Medical, legal, and compensation costs can all mount up and cause a significant financial pitfall without the adequate cover.
Products liability cover is another highly advisable type of cover. This will protect you against claims whereby a customer has been made ill by your food. Although every step can be taken to avoid this, sometimes there may be oversights which could cause a member of the public to become sick and decide to make a claim. Avoid getting into trouble with cover to pay out both compensation and medical costs.
Lastly, employers’ liability insurance is a legally required addition if you employ anyone to work for your business. Unless your employees are immediate family, you must have employers’ liability insurance to protect them and yourself from significant costs.
For example, a member of staff could easily burn themselves or fall as they get into your van, leaving them injured and unable to work. They are well within their rights to claim against you for loss of earnings and unsafe working practices – so make sure you’re covered. It is also important to note that without this cover you could be charged up to £2500 per day.
Business Interruption Cover
Any number of things could happen that leave you unable to run your catering van. Your truck or trailer may have been vandalised or stolen, you as the sole employee may have become seriously ill and therefore cannot operate the van, or a fire may have gutted your van leaving you needing time to replace it and start again.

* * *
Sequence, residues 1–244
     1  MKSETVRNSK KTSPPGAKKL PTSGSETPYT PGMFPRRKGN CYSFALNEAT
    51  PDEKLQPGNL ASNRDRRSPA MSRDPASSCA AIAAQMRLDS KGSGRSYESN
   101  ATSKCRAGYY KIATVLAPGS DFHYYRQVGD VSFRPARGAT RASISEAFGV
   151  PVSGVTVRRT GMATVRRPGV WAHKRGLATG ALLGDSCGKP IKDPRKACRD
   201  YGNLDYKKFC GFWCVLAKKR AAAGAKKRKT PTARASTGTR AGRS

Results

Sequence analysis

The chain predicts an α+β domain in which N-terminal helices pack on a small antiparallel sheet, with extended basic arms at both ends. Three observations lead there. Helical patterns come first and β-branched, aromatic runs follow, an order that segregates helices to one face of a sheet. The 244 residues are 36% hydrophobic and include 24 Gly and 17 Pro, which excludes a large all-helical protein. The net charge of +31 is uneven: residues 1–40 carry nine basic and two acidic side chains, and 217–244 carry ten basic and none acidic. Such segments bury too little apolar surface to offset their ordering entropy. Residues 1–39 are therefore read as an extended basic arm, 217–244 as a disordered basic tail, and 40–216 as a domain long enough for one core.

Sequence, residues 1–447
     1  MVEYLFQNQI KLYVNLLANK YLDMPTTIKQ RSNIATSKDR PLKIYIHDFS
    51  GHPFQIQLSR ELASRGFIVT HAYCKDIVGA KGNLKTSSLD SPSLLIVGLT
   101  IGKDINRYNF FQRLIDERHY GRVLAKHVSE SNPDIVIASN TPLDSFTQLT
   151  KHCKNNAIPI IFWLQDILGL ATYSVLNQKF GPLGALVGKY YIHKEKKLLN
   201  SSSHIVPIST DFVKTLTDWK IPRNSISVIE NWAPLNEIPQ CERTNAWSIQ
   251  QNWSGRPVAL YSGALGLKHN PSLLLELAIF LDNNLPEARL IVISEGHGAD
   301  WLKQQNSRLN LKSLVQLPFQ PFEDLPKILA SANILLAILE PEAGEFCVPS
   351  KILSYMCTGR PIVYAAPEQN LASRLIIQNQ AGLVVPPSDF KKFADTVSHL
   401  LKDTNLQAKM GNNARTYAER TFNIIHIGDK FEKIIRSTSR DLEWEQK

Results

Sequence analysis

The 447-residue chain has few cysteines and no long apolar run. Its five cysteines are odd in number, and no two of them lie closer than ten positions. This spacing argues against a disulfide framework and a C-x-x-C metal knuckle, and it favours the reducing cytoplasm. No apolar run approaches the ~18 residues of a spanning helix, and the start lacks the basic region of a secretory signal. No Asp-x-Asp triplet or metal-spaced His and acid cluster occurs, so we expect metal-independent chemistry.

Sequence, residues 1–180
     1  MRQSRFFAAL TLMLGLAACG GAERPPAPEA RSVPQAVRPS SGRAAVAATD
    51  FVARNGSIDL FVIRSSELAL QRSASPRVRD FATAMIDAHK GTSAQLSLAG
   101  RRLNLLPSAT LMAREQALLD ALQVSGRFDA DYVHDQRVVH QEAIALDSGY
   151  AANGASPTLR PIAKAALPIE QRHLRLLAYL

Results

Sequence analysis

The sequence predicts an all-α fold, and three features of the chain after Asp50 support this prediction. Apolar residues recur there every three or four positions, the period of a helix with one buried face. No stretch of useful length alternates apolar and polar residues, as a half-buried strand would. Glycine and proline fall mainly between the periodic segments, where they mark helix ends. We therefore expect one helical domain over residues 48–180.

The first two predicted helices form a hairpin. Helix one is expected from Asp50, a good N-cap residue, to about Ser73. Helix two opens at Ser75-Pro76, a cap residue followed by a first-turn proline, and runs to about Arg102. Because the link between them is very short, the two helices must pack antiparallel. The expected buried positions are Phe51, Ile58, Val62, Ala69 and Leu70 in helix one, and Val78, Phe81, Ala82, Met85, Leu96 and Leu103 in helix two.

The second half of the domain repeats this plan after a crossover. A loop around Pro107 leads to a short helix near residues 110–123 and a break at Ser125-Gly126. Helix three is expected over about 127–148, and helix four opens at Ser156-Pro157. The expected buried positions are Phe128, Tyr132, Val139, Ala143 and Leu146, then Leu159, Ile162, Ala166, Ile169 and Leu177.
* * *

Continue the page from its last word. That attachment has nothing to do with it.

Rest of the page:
Business interruption cover does have some caveats, but it essentially guarantees you a wage in the event of your business being unable to be run. Due to the variable nature of the mobile catering industry, this could be a valuable addition to your policy.
Where to Find Mobile Catering Vehicle Insurance
The most important thing to do when you start looking for insurance quotes is not to settle for the first quote you receive. Comparing quotes is the best way to ensure you find the very best price.
At QuoteSearcher, we work with a panel of insurers that are dedicated to finding you the most competitive quote for your mobile catering vehicle insurance – no matter if you have a VW van selling crepes, or a trailer selling burgers. Make sure you carry on providing your customers with the best by taking away the stress of insurance, so you can focus on cooking up a storm.